Gekco fights to preserve wildlife in the conservancy
MIDRAND – The Greater Kyalami Conservancy’s (Gekco) annual general meeting last month heard highlights from the past year concerning Kyalami’s wildlife and environment.
June 14, 2018 | Daniella Potter | Fourways Review
A cosy room with a crackling fire at Inanda Country Base set the scene for the Greater Kyalami Conservancy’s (Gekco) annual general meeting last month at which community members concerned about Kyalami’s wildlife and environment heard highlights from the past year and learnt tips to keep wildlife and the environment safe.
Aim to curb illegal dumping in a conservancy
Kristin Kallesen, the chairperson of Gekco, explained that illegal dumping – especially in the veld near Diepsloot and along Main Road in Glenferness – remained a challenge and that she believes strict enforcement is needed to discourage this practice.
Seeing how the environment was abused by illegal dumping, inspired Sbusiso Shongwe and Nondumiso Sibiya to build their Diepsloot company, Boombadotmobi. They assign jobs to those operating rubbish removal trucks in Diepsloot who work within the environmental by-laws to dispose of rubble and rubbish, Sibiya, the company’s COO, said.
They also use the rubble to build up eroded roads or build houses in the township and give local farmers the garden refuse to decompose for their crops.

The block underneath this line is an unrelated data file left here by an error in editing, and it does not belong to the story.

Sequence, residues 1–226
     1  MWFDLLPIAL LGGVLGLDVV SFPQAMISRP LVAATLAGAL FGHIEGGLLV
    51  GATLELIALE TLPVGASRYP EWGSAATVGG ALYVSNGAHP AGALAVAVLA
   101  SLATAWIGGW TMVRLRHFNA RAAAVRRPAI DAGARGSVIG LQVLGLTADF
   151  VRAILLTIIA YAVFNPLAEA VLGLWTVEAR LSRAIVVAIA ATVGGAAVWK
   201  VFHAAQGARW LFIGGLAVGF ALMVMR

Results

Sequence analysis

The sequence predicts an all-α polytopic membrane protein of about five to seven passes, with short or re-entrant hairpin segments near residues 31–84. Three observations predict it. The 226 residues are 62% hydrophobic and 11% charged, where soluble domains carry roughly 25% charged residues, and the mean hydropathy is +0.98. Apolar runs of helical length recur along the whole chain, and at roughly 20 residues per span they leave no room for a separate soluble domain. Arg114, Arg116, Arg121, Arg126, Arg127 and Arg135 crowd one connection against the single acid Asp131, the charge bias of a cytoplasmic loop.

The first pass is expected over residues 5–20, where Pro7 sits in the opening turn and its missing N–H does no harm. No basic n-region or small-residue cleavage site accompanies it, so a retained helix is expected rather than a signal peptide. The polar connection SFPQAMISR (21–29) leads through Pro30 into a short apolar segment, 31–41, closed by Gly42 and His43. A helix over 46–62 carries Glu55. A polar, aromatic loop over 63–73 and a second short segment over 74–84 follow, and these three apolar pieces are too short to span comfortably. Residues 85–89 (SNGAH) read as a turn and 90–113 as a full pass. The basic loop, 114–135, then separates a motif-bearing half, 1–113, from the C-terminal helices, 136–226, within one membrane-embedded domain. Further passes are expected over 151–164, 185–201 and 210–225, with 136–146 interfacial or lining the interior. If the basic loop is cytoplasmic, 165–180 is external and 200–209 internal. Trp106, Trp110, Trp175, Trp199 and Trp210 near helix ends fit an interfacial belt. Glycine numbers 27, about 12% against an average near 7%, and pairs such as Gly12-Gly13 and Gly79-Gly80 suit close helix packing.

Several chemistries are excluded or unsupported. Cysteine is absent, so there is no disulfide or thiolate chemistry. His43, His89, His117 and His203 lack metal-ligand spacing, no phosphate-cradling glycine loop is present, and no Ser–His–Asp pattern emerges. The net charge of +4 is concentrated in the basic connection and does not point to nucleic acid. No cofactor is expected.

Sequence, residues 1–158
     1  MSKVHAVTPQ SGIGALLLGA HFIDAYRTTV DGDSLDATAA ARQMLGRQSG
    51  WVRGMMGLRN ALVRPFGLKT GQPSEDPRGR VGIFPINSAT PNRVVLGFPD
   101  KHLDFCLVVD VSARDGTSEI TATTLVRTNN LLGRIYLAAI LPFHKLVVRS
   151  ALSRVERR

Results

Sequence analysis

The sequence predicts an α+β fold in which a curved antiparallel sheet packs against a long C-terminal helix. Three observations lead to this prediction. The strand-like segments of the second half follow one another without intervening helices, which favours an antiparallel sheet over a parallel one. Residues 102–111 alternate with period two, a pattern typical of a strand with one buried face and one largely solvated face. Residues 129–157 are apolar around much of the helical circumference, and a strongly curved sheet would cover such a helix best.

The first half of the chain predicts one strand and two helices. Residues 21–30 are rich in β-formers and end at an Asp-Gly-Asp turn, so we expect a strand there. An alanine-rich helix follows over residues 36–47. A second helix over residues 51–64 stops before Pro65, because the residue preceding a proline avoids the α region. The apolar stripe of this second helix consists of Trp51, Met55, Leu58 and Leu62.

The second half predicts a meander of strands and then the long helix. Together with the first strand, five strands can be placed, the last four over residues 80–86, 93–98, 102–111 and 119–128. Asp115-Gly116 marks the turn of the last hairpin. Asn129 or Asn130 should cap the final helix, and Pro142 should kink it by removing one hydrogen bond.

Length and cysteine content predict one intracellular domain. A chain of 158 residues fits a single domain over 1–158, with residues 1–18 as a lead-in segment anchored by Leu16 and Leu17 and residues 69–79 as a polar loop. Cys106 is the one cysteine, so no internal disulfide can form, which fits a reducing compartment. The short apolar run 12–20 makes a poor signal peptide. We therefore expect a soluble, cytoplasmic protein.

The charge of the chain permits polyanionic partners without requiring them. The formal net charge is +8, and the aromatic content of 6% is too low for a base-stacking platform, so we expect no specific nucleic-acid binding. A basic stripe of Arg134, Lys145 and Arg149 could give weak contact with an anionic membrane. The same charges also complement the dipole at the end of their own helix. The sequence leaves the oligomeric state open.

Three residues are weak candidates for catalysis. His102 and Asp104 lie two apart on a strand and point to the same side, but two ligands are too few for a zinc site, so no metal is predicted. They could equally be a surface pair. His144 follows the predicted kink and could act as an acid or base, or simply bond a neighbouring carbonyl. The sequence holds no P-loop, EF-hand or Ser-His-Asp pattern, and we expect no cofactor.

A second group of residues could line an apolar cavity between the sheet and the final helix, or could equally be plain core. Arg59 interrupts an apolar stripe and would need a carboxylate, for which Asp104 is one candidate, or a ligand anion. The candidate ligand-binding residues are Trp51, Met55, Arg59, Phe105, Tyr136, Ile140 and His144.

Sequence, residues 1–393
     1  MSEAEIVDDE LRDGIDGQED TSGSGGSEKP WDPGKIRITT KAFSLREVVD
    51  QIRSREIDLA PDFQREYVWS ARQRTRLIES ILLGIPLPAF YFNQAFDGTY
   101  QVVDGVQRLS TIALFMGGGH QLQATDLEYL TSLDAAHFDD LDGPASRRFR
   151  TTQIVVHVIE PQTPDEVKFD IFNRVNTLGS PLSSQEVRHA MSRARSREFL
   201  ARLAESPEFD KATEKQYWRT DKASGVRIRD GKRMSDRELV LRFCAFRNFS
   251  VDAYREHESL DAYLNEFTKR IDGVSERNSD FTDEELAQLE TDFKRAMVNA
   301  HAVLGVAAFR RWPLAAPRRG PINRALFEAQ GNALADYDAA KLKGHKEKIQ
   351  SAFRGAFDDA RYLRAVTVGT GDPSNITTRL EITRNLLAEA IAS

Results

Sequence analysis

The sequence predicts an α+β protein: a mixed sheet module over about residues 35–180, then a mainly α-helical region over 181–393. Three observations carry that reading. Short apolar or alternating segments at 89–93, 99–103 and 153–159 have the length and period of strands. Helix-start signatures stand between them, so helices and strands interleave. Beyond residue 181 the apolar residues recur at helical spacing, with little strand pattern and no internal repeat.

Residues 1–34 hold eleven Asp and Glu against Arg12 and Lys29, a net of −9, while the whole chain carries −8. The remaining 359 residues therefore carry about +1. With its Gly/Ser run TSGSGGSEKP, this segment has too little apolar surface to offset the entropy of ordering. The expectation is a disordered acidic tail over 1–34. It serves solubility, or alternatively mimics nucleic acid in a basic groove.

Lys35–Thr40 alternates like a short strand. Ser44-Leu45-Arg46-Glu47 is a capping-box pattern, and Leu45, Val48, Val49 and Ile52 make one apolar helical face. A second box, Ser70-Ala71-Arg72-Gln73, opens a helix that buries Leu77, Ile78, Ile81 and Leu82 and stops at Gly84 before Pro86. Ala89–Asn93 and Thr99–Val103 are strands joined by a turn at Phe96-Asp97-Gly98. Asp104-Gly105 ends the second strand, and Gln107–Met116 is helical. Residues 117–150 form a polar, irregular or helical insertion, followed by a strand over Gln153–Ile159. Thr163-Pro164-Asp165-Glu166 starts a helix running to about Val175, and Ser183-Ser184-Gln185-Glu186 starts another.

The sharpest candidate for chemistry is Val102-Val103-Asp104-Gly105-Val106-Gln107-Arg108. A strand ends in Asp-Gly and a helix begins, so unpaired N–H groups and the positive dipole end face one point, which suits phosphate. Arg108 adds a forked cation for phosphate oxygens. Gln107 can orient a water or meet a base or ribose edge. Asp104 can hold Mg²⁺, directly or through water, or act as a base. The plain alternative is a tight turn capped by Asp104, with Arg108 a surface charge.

Sibiya raised concern that community members were largely unaware of how their waste was disposed of by those they hired to remove it.
Details: Boombadotmobi on Facebook
There’s a need for wildlife-friendly fencing
People invariably do not put emphasis on the environment when under threat from crime.
This is according to Graham Salvado of Paul’s Gates Security Solutions, who offered advice on how community members could meet nature halfway to ensure fencing does not interfere with the natural flow of wildlife, such as in Kyalami where there are dassies, rabbits and jackals.
“One of the major concerns that I have encountered personally is the threat of electric fences on animals and wildlife,” said Salvado, adding that not all animals act instinctively as humans do when shocked. He showed a photograph of a hedgehog that had curled up into a ball when shocked by an electric fence.
He proposed fencing solutions that could accommodate the wildlife’s natural instincts:
- Weld mesh fencing is cheap and easily modified to accommodate nature but not always effective as a security solution
- Palisade fencing is marginally more expensive but wildlife friendly, yet is not always effective in keeping criminals out
- Clear view fencing is popular, easily modified to accommodate the flow of wildlife, but the initial cost is high
- Electric fencing is effective as a security barrier but is not as wildlife-friendly and requires routine maintenance.
For more on what was highlighted at the annual general meeting, check out page 3 of this week’s paper edition (week ending 15 June).